The American newspaper has been dying a slow death that is quite painful to watch for the past decade, if not longer. The advent of wireless Internet and its related technologies have meant that advertising dollars are being spent online. Very few companies are willing to spend money on print ads anymore. And unfortunately, news organizations have not found a way to make their websites profitable. This is for a number of reasons. The existence and popularity of both personal and organizational blogs that are free to the public have made it virtually impossible for newspapers to try to charge for their content. In most cases, if readers had to pay to get their news online on certain websites, they would probably just go to the next best thing that will give them similar information for free. The other issue is that they just do not make as much money advertising online for whatever reason. These days, the trend is to ever more user-specific ads on wireless Internet, with companies tracking what websites a person visits in order to target ads to their needs. But revenue levels have failed to meet their print-only days.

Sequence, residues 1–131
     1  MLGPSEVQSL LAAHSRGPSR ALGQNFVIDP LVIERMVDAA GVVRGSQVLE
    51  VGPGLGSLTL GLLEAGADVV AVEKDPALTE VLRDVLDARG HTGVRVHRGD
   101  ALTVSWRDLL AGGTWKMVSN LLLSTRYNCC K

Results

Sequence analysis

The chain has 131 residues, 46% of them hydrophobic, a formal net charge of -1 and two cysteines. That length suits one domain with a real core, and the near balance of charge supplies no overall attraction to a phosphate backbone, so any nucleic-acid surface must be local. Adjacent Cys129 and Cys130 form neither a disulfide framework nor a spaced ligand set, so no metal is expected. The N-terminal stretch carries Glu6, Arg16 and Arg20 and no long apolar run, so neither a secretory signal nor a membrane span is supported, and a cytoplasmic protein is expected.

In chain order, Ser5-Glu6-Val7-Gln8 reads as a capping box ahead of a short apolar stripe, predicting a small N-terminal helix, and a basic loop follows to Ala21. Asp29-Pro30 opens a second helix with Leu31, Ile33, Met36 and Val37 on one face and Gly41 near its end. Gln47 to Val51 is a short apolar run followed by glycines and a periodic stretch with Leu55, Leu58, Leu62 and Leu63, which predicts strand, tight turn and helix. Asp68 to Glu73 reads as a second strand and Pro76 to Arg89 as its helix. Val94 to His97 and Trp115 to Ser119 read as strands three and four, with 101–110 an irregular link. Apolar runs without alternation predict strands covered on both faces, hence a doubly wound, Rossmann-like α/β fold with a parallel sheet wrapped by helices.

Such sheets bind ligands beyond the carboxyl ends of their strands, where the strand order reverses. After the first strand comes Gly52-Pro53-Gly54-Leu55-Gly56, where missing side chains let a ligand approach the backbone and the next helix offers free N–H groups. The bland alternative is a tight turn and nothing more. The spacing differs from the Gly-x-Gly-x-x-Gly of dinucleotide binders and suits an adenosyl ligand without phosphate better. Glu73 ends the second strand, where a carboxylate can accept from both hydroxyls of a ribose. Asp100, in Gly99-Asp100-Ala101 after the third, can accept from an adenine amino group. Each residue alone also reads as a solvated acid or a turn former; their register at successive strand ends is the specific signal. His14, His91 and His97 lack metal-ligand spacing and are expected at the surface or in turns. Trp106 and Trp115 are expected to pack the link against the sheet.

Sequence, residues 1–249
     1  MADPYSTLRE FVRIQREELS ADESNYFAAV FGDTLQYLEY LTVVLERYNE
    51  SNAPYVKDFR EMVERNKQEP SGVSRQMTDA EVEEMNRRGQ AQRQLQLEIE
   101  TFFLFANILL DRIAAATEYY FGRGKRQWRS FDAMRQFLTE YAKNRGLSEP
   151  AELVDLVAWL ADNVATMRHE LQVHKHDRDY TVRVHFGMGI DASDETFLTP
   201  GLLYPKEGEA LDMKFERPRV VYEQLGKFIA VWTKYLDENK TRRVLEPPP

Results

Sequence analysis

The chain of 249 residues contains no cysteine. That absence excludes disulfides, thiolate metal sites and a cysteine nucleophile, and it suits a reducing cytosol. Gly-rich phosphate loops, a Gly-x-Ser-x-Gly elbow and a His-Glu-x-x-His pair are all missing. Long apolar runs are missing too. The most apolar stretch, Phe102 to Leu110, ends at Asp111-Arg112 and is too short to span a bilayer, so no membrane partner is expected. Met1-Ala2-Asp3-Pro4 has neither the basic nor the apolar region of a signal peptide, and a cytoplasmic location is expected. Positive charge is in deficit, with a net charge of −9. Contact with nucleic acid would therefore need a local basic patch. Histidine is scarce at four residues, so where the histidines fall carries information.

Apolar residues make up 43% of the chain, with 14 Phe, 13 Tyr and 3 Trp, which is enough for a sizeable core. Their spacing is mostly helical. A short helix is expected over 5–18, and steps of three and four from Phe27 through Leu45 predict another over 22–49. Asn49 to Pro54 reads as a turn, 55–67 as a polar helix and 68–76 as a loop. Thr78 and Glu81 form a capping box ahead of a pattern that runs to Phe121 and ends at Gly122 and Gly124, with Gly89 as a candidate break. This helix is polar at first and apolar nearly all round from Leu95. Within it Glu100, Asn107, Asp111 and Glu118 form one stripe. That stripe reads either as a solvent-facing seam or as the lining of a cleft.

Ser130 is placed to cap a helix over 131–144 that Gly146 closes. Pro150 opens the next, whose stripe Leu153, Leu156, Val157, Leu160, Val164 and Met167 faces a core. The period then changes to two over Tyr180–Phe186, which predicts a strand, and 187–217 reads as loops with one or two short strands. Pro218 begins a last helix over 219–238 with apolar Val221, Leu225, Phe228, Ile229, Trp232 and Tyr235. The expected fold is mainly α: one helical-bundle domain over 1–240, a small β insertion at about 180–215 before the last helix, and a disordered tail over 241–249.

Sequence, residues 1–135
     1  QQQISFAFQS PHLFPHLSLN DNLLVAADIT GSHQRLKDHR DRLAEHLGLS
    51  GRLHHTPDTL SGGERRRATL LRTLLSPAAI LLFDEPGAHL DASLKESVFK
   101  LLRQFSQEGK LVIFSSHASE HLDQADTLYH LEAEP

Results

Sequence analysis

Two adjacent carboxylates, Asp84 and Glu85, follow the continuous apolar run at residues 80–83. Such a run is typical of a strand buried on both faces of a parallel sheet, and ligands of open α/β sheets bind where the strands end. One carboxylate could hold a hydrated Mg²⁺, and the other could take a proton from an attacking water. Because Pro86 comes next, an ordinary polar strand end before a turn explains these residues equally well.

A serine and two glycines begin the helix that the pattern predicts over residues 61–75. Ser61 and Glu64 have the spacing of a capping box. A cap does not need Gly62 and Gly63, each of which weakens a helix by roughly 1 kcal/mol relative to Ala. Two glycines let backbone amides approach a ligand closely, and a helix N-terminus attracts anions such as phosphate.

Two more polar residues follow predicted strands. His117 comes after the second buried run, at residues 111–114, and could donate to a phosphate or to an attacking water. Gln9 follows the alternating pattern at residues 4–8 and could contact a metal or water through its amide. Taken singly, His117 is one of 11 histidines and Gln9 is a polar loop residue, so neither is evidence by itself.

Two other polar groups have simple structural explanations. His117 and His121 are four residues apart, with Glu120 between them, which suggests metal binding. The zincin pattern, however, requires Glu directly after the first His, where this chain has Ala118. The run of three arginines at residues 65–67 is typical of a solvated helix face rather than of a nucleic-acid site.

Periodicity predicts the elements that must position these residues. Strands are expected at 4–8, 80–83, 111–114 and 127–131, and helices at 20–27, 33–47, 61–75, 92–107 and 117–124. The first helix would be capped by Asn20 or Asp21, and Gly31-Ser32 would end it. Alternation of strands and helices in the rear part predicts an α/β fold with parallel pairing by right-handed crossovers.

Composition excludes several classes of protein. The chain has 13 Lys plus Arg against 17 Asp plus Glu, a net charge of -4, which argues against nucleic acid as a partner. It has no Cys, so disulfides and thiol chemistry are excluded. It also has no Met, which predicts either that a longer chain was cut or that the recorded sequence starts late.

You might be wondering, "well, what's so bad about newspapers dying? Wireless Internet has simply changed the game, and now everyone gets their content for free." The truth is, getting information for free could be an amazing development in the news world. But the sad thing is when you consider the overall quality of that information that is being acquired for nothing. This is because as newspapers have ceased to become profitable in their print forms, they have had to lay off loads of staff. They just can not afford to maintain a full newsroom. This means that there are fewer people to do research, to fact check, to develop story ideas, to work on a project for a longer period of time. Only two newspapers in the United States have reporters in Iraq, the New York Times and the Washington Post. The rest of the country simply recycles whatever they hear from these two newspapers, or they're on the Associated Press.
So, if you want good information, where can you turn? Wireless Internet does provide you with some options. There are certain blogs that do their own research, and that are probably worth reading. The main thing to consider is where the blogs are getting their information. Sometimes this kind of writing can be incredibly biased and downright argumentative. In these cases, it is easy to tell that what you are getting is not necessarily straightforward information. But in other cases, writing you will encounter via wireless Internet will appear to be soberly written and factual. In these cases, it might be more difficult to detect the agenda buried in the prose.
Seek out these novel sources of information. And, if you can, it does not hurt to maybe pay for something every once in a while. Buy a magazine subscription, or pay for some content online.